The bollard-plinth-obelisk post

A black metal bollard now graces the Cottage Ave. entrance to the Alewife Greenway.

The Alewife path near my house got a few refinements this week, including a handsome new bollard, three feet tall, to discourage people from driving their cars onto the path along the brook. (Do not laugh, as I have seen people do exactly that, in fruitless search for the Northeast Passage to Somerville.)

Movable bollard (looking west)

The above view is more or less east (that is Route 16, and Cambridge, in the background). From this vantage point you can see how the new bollard sits at the apex of a triangle, where the entrance path forks left and right, north and south, around a tree to join the brook-side path.

This entrance way, and those little forked pathways, are not quite finished. But the bollard unlocks and swings down from its base, or maybe it even comes off, so getting heavy equipment in to finish the job should not be impossible.

I did not see any of this work done, but presumably the base to which the bollard is locked is itself anchored to a metal post driven deep into the ground.

Pavers now fill the circular area around the granite plinth

Meanwhile, someone has filled in the little moat around the new granite marker at the Henderson-Street-Bridge end with stone pavers.

These are set in sand (though not too well) and are at least an inch thick. (Probably thicker: poking about online suggests that one standard thickness seems to be 60 mm, more than 2 inches.)

The paving stones have a mat finish and are square, though some have been cut to fit. Here is a closer look at them (click for closer still).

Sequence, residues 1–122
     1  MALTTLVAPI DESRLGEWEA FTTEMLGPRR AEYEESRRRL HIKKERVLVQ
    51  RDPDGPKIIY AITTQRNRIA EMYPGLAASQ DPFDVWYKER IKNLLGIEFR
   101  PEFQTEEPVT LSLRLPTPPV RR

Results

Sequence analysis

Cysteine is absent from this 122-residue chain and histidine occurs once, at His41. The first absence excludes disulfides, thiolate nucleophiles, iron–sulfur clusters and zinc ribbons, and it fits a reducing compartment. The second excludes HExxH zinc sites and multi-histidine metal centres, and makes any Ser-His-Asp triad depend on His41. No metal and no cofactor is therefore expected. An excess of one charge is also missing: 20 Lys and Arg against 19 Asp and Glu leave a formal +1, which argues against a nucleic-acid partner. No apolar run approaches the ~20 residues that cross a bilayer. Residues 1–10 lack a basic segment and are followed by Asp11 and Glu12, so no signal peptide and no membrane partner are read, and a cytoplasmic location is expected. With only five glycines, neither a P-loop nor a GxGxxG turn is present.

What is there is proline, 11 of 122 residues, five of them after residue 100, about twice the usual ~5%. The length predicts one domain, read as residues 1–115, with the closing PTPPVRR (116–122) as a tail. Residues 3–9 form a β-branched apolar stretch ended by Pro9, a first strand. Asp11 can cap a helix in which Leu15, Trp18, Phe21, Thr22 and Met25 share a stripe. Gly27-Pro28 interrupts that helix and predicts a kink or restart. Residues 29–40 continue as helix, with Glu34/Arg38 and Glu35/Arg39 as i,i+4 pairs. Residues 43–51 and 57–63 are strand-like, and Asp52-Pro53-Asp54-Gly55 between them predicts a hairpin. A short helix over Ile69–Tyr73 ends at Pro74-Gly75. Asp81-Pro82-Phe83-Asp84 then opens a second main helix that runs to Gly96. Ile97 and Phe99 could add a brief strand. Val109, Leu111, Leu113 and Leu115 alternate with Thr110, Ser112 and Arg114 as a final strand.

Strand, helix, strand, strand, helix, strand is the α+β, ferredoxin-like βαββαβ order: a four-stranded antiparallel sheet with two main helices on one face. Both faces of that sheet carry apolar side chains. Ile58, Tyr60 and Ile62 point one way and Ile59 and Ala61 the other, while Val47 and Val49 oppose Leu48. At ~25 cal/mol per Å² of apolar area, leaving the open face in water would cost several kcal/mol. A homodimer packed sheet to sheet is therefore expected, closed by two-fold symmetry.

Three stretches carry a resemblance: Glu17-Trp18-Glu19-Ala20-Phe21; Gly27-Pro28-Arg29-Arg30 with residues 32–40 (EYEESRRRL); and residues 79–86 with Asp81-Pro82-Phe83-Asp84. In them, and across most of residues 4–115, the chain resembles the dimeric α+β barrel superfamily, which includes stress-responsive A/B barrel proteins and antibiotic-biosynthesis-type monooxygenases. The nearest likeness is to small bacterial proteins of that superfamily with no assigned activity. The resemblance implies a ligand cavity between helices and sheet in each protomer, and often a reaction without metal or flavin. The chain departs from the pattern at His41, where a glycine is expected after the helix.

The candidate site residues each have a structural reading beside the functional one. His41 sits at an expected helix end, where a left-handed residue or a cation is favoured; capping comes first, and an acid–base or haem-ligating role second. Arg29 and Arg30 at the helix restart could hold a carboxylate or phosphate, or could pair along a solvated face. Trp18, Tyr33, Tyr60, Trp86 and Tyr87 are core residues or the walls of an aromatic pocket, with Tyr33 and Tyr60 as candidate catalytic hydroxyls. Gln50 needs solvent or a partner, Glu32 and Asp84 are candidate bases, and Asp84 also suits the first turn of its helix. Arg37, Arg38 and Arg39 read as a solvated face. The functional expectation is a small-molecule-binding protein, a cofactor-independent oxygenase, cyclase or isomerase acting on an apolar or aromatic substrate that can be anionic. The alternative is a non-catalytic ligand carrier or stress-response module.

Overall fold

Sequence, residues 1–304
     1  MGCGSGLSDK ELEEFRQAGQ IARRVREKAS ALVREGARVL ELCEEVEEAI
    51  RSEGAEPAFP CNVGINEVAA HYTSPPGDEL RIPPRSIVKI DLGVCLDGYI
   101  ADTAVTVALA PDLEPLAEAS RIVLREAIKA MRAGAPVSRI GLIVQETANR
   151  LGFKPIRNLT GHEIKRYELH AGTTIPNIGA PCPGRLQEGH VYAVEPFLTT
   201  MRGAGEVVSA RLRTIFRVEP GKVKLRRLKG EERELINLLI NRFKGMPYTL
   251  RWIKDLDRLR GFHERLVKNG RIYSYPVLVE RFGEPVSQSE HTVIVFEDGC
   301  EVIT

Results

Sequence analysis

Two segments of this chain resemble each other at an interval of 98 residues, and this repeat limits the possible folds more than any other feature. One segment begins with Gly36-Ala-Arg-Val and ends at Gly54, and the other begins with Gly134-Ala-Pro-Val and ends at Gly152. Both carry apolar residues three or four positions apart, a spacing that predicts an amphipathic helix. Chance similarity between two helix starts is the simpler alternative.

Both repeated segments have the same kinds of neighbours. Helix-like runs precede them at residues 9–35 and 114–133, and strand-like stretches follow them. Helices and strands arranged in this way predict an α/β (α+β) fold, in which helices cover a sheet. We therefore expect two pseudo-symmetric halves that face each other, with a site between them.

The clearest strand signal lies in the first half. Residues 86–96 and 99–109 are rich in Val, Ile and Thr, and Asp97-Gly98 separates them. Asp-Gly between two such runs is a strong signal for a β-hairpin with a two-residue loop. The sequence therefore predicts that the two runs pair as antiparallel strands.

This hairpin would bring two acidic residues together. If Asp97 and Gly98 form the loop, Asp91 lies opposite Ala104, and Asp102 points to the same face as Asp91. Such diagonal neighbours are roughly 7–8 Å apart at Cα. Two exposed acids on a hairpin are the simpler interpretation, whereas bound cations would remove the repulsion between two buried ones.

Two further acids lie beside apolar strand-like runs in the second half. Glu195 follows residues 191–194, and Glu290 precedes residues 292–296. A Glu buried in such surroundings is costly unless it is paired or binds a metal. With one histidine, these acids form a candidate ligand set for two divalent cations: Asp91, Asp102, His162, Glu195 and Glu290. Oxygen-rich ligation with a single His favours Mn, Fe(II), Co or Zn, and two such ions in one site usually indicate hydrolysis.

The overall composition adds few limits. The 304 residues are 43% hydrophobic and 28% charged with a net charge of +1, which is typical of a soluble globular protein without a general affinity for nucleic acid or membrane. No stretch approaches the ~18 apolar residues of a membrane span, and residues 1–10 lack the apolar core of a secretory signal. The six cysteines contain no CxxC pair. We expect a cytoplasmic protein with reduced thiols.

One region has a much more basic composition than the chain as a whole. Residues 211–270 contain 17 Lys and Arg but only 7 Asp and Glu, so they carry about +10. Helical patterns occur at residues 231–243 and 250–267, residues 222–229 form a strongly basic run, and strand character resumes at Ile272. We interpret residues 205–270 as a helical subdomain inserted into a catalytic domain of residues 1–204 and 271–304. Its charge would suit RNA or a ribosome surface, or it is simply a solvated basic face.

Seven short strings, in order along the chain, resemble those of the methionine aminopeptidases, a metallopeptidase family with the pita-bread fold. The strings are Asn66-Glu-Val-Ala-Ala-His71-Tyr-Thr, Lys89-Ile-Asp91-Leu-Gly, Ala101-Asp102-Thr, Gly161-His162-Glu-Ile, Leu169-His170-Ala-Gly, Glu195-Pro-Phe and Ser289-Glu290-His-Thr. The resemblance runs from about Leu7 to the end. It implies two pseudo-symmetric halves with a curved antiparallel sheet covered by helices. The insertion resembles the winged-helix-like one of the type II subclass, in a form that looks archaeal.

Stone pavers in red and gray

I can’t tell whether these are natural stone, but they are quite handsome.  Plenty of gaps between those pavers though.

So as the end of the year approaches the punch list for this project (or this segment of it) seems to shorten with the days.

Work on the Cottage Ave. entrance is still not done. The stone dust for the northern entrance path was never laid down, the southern branch is significantly eroded, and there are problems with persistent standing water after storms.

Despite that people have been enjoying the path and the new ramp since it was finished earlier this year.

Although this is a blog about Mass. Ave., I like posting these photos of work along the Alewife too because I can use words like “plinth” and “bollard.” Here is the previous such report, first, and all. Update: And next.


2 comments so far

  1. John S. Allen on

    That bollard is black and unreflectorized. I hope that changes. Cyclists sometimes collide with bollards.Please see my video on that topic at

    • Adam Auster on

      Ouch, good point!

      Also motor vehicles have been known to do this from time to time too.

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